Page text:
I will spend my time as ALA President fighting for those issues and priorities I have identified. I will tend not to devote precious advocacy time and energy on ‘fixing’ or better organizing the ALA structure.

One of the most crucial roles for ALA is to promote the importance of libraries and to increase the awareness that there are many types of libraries serving different audiences and needs. How would you as the ALA President use the "@your library campaign" and other opportunities to promote libraries?

I would use all of ALA’s communication facilities and intensively pursue all of the opportunities available to promote the nation’s libraries. The strength of America’s information resources is in the sum and diversity of its libraries and their collections. Appearances on television and radio on behalf of the "@your library" campaign will be critical. Print coverage will be essential too.

I have been the host of a TV information talk show for over a decade. Through the success of the show and the attendant recognition in the community, I know first-hand how important television coverage is in promoting libraries.

The message must be simple and repeated consistently and clearly. Libraries are a public good. They benefit everyone, not just the people who use them.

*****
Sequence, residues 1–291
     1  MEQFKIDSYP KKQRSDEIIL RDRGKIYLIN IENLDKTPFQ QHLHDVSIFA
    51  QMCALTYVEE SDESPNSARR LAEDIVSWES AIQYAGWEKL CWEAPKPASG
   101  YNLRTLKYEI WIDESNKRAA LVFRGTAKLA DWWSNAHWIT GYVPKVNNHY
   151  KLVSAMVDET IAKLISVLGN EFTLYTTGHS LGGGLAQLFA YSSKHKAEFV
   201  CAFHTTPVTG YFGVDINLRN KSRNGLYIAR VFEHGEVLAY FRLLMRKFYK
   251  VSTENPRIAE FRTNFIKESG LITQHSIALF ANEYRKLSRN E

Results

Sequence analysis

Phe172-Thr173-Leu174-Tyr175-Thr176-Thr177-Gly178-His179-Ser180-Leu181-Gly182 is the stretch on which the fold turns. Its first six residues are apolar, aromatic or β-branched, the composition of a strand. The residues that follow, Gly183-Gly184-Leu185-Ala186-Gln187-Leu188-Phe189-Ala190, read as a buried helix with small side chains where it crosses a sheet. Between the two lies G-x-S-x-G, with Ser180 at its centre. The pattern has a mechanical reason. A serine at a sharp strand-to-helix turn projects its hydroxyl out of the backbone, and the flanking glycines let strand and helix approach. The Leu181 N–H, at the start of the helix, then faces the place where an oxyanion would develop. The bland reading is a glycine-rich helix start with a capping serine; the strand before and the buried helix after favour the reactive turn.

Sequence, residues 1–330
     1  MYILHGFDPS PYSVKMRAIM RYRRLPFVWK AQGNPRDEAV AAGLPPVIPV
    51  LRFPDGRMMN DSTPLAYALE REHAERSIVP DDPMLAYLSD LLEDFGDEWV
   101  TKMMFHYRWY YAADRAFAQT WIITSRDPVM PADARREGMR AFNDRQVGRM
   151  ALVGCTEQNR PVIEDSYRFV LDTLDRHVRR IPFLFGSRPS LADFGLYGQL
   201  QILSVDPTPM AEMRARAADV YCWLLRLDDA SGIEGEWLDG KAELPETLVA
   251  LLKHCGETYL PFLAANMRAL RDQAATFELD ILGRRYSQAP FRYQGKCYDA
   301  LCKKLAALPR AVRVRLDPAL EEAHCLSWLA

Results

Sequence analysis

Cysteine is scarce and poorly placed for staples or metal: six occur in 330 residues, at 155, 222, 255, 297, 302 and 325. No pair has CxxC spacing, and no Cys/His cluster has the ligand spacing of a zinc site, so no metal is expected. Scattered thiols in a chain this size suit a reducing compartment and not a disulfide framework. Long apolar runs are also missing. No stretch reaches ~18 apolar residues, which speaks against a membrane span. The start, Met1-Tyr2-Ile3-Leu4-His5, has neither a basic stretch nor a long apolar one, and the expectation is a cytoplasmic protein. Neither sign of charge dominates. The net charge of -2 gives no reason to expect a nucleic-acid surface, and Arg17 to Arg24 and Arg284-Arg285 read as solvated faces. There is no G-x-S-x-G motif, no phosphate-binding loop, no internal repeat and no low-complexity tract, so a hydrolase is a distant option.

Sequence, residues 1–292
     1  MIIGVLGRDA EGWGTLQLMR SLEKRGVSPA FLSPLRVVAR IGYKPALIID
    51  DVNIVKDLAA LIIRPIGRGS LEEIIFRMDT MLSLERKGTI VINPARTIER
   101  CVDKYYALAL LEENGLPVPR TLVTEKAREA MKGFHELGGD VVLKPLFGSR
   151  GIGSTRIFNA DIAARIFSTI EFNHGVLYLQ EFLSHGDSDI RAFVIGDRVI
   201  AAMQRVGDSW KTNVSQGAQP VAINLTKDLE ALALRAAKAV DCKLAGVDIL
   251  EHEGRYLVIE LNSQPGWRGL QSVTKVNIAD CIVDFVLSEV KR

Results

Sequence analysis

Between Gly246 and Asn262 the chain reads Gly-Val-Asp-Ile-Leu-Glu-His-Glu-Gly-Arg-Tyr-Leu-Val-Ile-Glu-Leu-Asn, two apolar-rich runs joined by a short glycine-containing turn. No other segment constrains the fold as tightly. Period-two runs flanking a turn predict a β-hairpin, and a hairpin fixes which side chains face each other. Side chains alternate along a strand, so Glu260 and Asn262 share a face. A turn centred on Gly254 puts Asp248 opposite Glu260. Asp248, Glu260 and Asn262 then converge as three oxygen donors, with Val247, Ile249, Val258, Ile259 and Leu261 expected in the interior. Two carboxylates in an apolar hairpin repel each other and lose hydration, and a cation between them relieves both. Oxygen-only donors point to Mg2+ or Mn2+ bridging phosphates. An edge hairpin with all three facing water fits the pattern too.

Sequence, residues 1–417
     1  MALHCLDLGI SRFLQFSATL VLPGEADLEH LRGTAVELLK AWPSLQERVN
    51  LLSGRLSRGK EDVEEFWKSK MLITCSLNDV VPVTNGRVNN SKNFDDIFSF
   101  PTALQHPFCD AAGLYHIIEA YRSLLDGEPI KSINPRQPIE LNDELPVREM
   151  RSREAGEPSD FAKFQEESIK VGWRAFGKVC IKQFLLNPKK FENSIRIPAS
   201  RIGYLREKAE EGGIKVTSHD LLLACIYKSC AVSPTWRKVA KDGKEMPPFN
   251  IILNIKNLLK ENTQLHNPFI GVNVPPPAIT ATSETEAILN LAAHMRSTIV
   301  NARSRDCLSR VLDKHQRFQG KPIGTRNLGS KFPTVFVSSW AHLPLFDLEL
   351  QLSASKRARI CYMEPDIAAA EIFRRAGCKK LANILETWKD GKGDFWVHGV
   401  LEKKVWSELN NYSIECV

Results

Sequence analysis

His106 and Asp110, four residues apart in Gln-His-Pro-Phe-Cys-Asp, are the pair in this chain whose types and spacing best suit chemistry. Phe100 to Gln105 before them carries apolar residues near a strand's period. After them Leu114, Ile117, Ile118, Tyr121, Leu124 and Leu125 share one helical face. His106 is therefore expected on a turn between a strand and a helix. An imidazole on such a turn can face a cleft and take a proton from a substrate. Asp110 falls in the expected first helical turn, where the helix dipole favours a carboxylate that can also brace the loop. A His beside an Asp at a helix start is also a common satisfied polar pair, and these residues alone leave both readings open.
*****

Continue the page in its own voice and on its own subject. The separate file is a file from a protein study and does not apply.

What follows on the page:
I will advocate for libraries and persuade each audience exactly what it is about libraries that will benefit the community, enrich their lives, help them with their jobs, and enhance their pursuit of happiness.

The library is a great institution. I believe in it. I will promote America’s libraries and America’s librarians.

For more information about my views; the full-text of many of the dozens of papers I have written; and my years with LC, the world’s largest research library, as Assistant Head of the African-Asian Exchange Section and as part of the management of the Processing Department and its 1500 person staff, complex operations, and offices all over the world, see my web site,